LUNCH-BOX DREAM

A laudable attempt to address an unfortunately still-timely subject, this novel feels more like a Modernist experiment than...

In 1959 on a Civil War battleground tour, a white northern boy has his own prejudices shaken when he sees Jim Crow in action in a Joycean exploration that seems uncertain of its audience.

Bobby (of indeterminate age), his Civil War–obsessed older brother, Ricky, and their mother take the scenic route on the way to deliver the boys’ grandmother and her car to her home in St. Petersburg. Meanwhile, 9-year-old African-American Jacob leaves his sister and her husband in Atlanta to visit relatives in small-town Dalton, Ga., and he's a little unclear about proper behavior around whites. When a combination of stress over marital problems and unnecessary, abject racial terror causes Bobby’s mother to total the car in Atlanta, they send Grandma south and, much to Bobby’s mortification, book a bus home. Bobby finds himself on the same bus with Jacob’s family on an emergency trip to find the boy, who’s gone missing, and Bobby’s worldview takes an epiphanic hit. The narrative shifts from Bobby's perspective in a focused, third-person voice to the first-person accounts of a number of secondary characters. These voices, particularly those of the African-Americans, are mostly indistinct, their accounts seesawing from elliptical to expository. This, together with historical references that will likely slip past children and sometimes tortured syntax, derails prolific series fantasist Abbott’s (The Secrets of Droon) attempt at an autobiographical historical novel.

A laudable attempt to address an unfortunately still-timely subject, this novel feels more like a Modernist experiment than a children's book. (Historical fiction. 9-12)

Pub Date: July 19, 2011

ISBN: 978-0-374-34673-7

Page Count: 192

Publisher: Farrar, Straus and Giroux

Review Posted Online: June 6, 2011

Kirkus Reviews Issue: June 15, 2011

FINDING MIGHTY

A quick, agreeable caper, this may spark some discussion even as it entertains.

Myla and Peter step into the path of a gang when they unite forces to find Peter’s runaway brother, Randall.

As they follow the graffiti tags that Randall has been painting in honor of the boys’ deceased father, they uncover a sinister history involving stolen diamonds, disappearances, and deaths. It started long ago when the boys’ grandmother, a diamond-cutter, partnered with the head of the gang. She was rumored to have hidden his diamonds before her suspicious death, leaving clues to their whereabouts. Now everyone is searching, including Randall. The duo’s collaboration is initially an unwilling one fraught with misunderstandings. Even after Peter and Myla bond over being the only people of color in an otherwise white school (Myla is Indian-American; mixed-race Peter is Indian, African-American, and white), Peter can’t believe the gang is after Myla. But Myla possesses a necklace that holds a clue. Alternating first-person chapters allow peeks into how Myla, Peter, and Randall unravel the story and decipher clues. Savvy readers will put the pieces together, too, although false leads and red herrings are cleverly interwoven. The action stumbles at times, but it takes place against the rich backdrops of gritty New York City and history-laden Dobbs Ferry and is made all the more colorful by references to graffiti art and parkour.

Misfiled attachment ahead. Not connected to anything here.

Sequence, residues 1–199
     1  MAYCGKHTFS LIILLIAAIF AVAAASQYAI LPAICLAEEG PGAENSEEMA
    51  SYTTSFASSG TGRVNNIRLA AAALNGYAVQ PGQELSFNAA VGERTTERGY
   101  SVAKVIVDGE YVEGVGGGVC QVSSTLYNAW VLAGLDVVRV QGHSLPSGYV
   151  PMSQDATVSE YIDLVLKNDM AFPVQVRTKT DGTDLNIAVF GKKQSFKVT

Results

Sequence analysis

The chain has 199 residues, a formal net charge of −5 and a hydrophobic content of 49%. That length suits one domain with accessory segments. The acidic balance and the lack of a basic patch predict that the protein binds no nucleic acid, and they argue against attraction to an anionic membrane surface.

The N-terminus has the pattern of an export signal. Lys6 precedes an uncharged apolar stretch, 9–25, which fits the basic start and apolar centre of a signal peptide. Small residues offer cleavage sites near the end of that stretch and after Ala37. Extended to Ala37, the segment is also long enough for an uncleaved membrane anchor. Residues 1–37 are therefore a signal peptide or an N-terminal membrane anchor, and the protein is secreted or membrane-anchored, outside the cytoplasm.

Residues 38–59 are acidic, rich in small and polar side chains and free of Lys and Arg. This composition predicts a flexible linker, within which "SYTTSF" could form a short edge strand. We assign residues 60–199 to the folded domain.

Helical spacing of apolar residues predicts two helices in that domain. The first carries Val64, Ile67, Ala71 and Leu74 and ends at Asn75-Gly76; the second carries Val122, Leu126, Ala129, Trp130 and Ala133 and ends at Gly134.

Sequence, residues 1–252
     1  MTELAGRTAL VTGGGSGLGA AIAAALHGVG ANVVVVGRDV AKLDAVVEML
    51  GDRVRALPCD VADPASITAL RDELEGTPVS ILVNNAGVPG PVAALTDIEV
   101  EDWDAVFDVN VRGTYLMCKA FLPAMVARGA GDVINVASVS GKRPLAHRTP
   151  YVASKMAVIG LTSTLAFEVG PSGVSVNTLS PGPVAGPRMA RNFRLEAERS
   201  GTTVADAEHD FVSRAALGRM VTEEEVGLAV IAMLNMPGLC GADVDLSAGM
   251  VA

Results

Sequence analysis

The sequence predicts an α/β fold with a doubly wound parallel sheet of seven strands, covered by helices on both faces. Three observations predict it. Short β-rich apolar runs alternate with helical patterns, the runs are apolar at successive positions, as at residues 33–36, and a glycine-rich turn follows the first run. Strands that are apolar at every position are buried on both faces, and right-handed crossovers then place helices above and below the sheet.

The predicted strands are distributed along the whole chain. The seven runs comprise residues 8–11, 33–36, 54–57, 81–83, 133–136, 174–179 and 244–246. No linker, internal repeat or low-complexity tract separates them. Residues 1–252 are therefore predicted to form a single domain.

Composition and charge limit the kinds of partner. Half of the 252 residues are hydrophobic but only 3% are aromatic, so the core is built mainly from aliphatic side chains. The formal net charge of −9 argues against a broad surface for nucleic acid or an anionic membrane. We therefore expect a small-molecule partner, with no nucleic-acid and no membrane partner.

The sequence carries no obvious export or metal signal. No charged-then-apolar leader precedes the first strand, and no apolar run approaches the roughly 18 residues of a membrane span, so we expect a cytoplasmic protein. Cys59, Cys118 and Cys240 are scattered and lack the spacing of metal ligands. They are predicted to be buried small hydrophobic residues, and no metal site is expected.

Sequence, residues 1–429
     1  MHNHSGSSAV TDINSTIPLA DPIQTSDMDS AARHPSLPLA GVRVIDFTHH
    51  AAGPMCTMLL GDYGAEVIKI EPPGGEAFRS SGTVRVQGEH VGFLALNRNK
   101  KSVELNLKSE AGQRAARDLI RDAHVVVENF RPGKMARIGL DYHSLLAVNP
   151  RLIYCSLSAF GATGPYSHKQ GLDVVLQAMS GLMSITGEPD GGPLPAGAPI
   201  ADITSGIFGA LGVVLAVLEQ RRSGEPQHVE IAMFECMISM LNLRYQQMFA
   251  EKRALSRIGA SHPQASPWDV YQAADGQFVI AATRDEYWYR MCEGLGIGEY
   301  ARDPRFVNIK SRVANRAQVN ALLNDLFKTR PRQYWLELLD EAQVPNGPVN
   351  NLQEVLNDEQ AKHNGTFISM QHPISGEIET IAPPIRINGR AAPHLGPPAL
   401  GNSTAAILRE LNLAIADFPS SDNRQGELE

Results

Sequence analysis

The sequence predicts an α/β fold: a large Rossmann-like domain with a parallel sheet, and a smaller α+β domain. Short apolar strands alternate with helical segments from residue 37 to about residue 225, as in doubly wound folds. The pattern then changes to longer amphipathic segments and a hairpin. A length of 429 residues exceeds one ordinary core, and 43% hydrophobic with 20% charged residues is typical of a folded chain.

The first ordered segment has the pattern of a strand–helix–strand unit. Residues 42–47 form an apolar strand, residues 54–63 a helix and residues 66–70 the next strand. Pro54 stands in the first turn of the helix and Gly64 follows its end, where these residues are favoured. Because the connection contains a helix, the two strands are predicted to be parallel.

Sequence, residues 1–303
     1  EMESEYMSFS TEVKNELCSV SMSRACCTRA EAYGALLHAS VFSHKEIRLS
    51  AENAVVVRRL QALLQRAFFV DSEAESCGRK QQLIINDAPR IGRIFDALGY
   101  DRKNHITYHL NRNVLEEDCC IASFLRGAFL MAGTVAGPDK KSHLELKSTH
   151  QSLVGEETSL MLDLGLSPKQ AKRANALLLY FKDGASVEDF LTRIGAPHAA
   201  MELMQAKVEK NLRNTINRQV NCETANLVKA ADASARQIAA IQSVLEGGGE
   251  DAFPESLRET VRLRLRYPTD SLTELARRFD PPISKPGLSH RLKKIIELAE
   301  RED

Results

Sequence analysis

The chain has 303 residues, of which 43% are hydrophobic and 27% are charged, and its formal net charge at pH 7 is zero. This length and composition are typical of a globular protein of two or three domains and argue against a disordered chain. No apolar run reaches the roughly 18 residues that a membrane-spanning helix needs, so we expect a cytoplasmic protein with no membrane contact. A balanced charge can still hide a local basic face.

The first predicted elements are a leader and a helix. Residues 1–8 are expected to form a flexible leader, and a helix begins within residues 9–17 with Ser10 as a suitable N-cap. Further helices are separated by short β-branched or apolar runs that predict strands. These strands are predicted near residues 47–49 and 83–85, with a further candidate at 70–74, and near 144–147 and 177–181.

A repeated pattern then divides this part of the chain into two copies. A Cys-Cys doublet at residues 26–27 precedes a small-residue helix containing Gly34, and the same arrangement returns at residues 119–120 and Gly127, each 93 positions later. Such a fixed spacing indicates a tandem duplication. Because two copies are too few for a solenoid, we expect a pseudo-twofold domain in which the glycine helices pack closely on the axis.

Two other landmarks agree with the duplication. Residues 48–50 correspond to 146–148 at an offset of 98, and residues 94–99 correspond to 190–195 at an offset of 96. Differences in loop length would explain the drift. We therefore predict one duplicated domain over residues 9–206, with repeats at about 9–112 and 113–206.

A quick, agreeable caper, this may spark some discussion even as it entertains. (Mystery. 10-12)

Pub Date: May 30, 2017

ISBN: 978-1-4197-2296-7

Page Count: 272

Publisher: Amulet/Abrams

Review Posted Online: Feb. 19, 2017

Kirkus Reviews Issue: March 1, 2017

LAUGH WITH THE MOON

Ultimately, Burg’s lyrical prose will make readers think about the common ground among peoples, despite inevitable...

Melding the colors of heartache and loss with painterly strokes, Burg creates a vivid work of art about a girl grieving for her recently deceased mother against a Third World backdrop.

Clare is not speaking to her father. She has vowed never to speak to him again. Which could be tough, since the pair just touched down in Malawi. There, Clare finds herself struck by the contrast between American wealth and the relatively bare-bones existence of her new friends. Drowning in mourning and enraged at the emptiness of grief, Clare is a hurricane of early-adolescent emotions. Her anger toward her father crackles like lightning in the treetops. She finds purpose, though, in teaching English to the younger children, which leads her out of grief. Burg’s imagery shimmers. “The girl talks to her mother in a language that sounds like fireworks, full of bursts and pops. She holds her hand over her mouth giggling.... She probably has so many minutes with her mother, she can’t even count them.” Her realization of the setting and appreciation for the Malawian people are so successful that they compensate for Clare's wallowing, which sometimes feels contrived.

Ultimately, Burg’s lyrical prose will make readers think about the common ground among peoples, despite inevitable disparities. (Fiction. 9-12)

Pub Date: June 12, 2012

ISBN: 978-0-385-73471-4

Page Count: 256

Publisher: Delacorte

Review Posted Online: March 20, 2012

Kirkus Reviews Issue: April 15, 2012

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